- Transportation and Moving Industries
Although the risk of such an incidence is practically present in all occupations, these occupations are at the highest likelihood.
The Risk of Violence/Assault Injuries at Workplace
Violence and assault at the workplace cover a wide range of incidents that can occur to a person at his/her place of occupation. At the one end, violence can be restricted to verbal abuse, threats, or intimidations. At the most end of the spectrum is physical assault resulting in injury or even homicide.
According to the Bureau of Labor Statistics Census of Fatal Occupational Injuries (CFOI), physical assault and violence are now becoming the third leading cause of occupational fatalities. This shows just how important it has become to address the issue appropriately.
What does the Law say about Violence/Assault Injuries at Work?
The Occupational Safety and Health Association, OSHA’s General Duty Clause states that a safe workplace should have a zero-tolerance policy for violence towards its workers. It also reiterates the need for violence training which will enlighten the workers on what to do in case of an incident of this nature. The workplace should consider utilising expert help on threat assessment and physical security provision.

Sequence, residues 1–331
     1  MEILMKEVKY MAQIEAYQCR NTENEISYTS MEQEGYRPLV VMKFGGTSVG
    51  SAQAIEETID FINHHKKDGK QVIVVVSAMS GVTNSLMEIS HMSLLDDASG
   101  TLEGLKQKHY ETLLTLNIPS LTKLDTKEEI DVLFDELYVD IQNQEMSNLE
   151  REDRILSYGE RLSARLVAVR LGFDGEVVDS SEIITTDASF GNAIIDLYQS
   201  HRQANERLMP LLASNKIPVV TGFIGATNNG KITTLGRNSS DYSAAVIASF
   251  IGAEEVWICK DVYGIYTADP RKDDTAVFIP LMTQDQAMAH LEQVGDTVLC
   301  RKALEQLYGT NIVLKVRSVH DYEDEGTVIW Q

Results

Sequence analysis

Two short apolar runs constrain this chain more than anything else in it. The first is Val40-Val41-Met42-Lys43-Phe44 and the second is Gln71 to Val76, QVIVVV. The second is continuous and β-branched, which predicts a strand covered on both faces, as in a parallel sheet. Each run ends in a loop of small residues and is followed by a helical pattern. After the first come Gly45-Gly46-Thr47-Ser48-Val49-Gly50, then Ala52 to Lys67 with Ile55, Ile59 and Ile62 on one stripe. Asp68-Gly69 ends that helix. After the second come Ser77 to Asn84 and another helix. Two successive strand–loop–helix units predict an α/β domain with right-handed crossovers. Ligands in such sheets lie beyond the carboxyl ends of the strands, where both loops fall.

Workers should be encouraged to report any incidence. This should include any physical or verbal threats.
Types of Violence/Assault Injuries at Workplace
The National Institute of Occupational Safety and Health (NIOSH) has majorly classified occupational violence/assault injuries into the following four categories.
- Type 1- Criminal Intent
- Type 2- Customer/Client
- Type 3- Worker on Worker
- Type 4- Personal Relationships
In all these scenarios, violence is committed mainly by hitting, kicking, stabbing, strangulation, rape and sexual assault, verbal assault, or shooting.
Type 1- Criminal Intent
This type of violent injury is mainly defined as the one where the assailant has no direct relationship with the victim or the workplace. Incidences of type 1 violence usually occur coincidentally with some other crime such as robbery, mugging, or mass shootings.